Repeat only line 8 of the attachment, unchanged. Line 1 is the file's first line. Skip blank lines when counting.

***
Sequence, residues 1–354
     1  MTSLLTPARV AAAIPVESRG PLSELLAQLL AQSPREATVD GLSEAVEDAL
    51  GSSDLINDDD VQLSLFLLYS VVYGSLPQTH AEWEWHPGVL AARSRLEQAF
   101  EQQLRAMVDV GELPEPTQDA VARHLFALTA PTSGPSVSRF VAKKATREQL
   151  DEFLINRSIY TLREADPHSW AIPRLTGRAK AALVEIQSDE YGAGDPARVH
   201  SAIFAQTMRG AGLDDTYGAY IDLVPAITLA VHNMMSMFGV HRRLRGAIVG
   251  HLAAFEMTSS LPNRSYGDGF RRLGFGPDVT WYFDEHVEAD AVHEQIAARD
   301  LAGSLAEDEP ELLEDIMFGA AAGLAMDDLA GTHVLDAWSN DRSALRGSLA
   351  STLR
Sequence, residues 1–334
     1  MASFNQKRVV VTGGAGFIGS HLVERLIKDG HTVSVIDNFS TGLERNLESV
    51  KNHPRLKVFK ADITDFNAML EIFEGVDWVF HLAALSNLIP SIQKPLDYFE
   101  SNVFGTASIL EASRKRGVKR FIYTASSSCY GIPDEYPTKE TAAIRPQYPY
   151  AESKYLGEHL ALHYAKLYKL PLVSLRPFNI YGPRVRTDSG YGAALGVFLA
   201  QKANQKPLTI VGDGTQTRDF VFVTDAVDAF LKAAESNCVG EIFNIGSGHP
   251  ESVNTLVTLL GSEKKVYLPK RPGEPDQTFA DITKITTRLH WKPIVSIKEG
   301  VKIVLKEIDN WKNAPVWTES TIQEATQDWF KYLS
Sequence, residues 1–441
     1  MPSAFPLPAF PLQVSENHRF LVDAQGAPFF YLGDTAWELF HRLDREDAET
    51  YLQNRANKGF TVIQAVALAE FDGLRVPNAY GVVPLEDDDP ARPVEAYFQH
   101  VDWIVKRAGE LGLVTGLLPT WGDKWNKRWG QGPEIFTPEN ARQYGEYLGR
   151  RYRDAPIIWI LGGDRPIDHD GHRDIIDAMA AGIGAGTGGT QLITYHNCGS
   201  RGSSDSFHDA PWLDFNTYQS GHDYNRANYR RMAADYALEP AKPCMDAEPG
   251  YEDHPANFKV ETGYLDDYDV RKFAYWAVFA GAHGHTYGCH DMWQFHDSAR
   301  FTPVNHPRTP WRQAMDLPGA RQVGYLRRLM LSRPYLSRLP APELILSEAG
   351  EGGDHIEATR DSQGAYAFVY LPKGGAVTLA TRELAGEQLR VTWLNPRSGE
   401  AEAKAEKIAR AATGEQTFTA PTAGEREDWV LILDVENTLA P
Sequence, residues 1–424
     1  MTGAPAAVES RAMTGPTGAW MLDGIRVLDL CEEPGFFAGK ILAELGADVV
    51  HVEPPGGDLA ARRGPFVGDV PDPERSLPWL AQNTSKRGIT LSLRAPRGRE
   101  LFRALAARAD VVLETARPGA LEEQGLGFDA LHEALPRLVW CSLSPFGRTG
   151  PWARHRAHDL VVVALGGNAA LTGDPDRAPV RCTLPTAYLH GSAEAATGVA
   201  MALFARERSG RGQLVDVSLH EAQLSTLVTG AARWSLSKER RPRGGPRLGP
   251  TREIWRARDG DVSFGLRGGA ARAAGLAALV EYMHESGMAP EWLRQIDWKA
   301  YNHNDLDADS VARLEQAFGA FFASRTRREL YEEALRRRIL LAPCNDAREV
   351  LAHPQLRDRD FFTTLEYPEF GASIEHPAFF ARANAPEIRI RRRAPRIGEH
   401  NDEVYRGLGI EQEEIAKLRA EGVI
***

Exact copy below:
   301  LAGSLAEDEP ELLEDIMFGA AAGLAMDDLA GTHVLDAWSN DRSALRGSLA